- Grades aren’t everything, although they’re useful in getting yourself through the door. You can simply omit your GPA/CAP when writing your CV. Alternatively, if your grades are excellent, and you’re on the Dean’s List, won a scholarship, or received some award – include that on your CV!
- You can also leave out your A-level and O-level grades. Your CV should focus on your tertiary experience (poly or uni-level). Remember – a CV is a picture of you now! You should therefore try to include the most up-to-date info when writing your resume.
My past internships/working experience have nothing to do with the field I want to join. What do I include and what do I leave out on the CV?
- Not a problem! Internships are a way of seeing whether you want to pursue a full-time career in the field anyway.
- You should include past experience in your CV anyway. It demonstrates that you have previous working experience, and as I keep emphasising, transferable skills are really the name of the game in any college-level CV. Employers don’t expect as much when you’re still a student – it’s perfectly fine to have experience in different fields on your CV (and that might even be a benefit!).
Additional College Resume Writing Tips
- Your resume needs to be easy for employers to read quickly and absorb key points. You may, therefore, wish to break your previous internship/work experiences into two parts – your daily workscope, and your achievements. For daily workscopes, make sure that is it short and to the point – workscopes which are implied in your job title can be omitted. Remember, you want to keep your resume short and sharp for recruiters.
- As a student with little or no work experience yet, it would be unusual to have a very lengthy resume or CV. Make sure to keep your resume to 1-2 pages with all relevant information presented.
- Make sure your CV looks presentable. As there’s very little to judge you on, you must make a good first impression. When the reader first sets eyes on your CV, they should see your professionalism, organisational skill, and attention to detail. Spelling errors, poor formatting, and other careless mistakes like these are huge turn-offs. I’ve seen many CVs get rejected out of hand because they are poorly formatted or hard to read. Most employers take 6 seconds to scan through your CV – make them count!
- You can look through my other CV writing guides for more information – our Ultimate Guide to Resume Writing goes into great detail on every section of your CV and how to properly write them; our guide to CV Fonts shows you the different fonts and considerations for the presentation of your CV.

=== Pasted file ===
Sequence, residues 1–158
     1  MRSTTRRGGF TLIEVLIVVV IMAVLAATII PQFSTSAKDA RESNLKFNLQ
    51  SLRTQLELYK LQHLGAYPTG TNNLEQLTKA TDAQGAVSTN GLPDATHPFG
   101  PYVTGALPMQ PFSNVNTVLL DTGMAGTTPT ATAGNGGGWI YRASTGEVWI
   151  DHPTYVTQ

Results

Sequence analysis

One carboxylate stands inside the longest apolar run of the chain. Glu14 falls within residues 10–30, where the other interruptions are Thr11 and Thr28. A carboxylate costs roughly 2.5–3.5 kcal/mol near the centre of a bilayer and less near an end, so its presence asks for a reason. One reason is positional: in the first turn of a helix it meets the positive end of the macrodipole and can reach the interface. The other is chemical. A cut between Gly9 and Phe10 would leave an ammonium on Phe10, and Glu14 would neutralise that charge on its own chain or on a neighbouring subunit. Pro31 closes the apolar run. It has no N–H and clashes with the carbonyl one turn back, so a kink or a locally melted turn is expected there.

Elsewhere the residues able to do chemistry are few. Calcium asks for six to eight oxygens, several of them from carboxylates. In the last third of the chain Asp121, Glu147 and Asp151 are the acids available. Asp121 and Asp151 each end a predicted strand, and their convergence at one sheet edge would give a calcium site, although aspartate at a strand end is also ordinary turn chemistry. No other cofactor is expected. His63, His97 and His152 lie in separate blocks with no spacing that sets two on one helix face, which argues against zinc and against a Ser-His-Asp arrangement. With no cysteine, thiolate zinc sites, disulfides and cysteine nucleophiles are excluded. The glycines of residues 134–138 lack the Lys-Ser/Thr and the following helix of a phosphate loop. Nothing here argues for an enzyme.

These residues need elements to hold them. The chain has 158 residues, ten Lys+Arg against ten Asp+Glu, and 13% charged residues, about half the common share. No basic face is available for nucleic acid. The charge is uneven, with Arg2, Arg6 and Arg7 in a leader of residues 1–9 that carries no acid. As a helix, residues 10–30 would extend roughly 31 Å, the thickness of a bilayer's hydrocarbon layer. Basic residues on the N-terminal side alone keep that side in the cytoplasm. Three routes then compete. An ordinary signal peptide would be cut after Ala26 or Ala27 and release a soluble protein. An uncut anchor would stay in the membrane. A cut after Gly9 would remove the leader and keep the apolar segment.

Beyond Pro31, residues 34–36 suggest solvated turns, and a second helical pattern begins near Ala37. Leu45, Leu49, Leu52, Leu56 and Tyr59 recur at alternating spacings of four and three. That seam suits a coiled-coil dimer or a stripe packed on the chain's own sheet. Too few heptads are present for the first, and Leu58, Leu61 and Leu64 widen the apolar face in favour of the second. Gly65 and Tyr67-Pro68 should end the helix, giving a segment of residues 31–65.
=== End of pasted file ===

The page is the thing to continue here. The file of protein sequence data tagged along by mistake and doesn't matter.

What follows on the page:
Job and Internship Opportunities for College Students
- Usually, as a college student, your university will organise regular job fairs for you to network and learn more about various companies in Singapore. These fairs are a good place for you to get a sense of who is hiring, as well as where you might wish to apply to for internships/jobs.
- Networking is important as well. Your professors may have industry connections; CCAs and internships are also good ways to meet professionals in the industry, and to learn from them.
- Additionally, you may scour websites like JobsDB or Jobstreet for internships and job opportunities. You may also explore these top job search portals or our complete list of job sites in Singapore to get started.
- Many local universities also have their own career services offices, or career coaching. Seek out and use these resources to your advantage! Some offer advice on CV writing; others also go a step further and teach you how to interview, search for jobs, network, etc. Many students don’t use these until it’s too late. They’re excellent advantages to have, and great starting points – most career counsellors are very experienced in their respective fields, and can advise you on your career trajectory, how to break into the industry, etc. Don’t waste the opportunity.
Job Hunting Tips from our Resident Headhunter
- Consider new and relevant licenses, certifications, and workshops if you would like to specialise in a certain area. For instance, the Certified Public Accountant (CPA) qualification is a common route into the Big Four accounting firms in Singapore, and so is the Association of Chartered Certified Accountants (ACCA) qualification.
- Create a winning cover letter and send it along your resume. The cover letter will serve as an introduction about yourself and is a great venue to answer the question “Why should we hire you?”
- Building up your LinkedIn presence is one of the best things you can do for yourself in today’s job search landscape. Having an up-to-date LinkedIn profile, filled with the right keywords, makes you easily discoverable to potential employers. Make sure to create a strong online profile that represents you and you professional experiences. Here’s how to write a great LinkedIn profile.
- Landed an interview? Great! Be sure to prepare well for these common interview questions, and follow our tips and tricks to ace your job interview.
- Find out the average salary for your desired role, to negotiate the pay you deserve. Check out our complete Singapore salary guide for all industries this year.
- Landed an interview? Great! Be sure to prepare well in advance. Interviews are a great way to demonstrate that you’re the best candidate for the position you want. Here are some tips and tricks for acing job interviews.
- Keep working hard. Get ahead of the competition!
All Done with your CV?
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All the best!
More Useful Links
If you found this article on college student resume sample writing useful, you might also like:
- How to Write a Winning Resume: Your Ultimate CV Guide
- How to Write a Cover Letter: Your Ultimate Cover Letter Guide
- List of Headhunters in Singapore
- Singapore Salary Guide for All Industries
- Complete List of Job Sites in Singapore
- Cover Letter Samples, Templates & Tips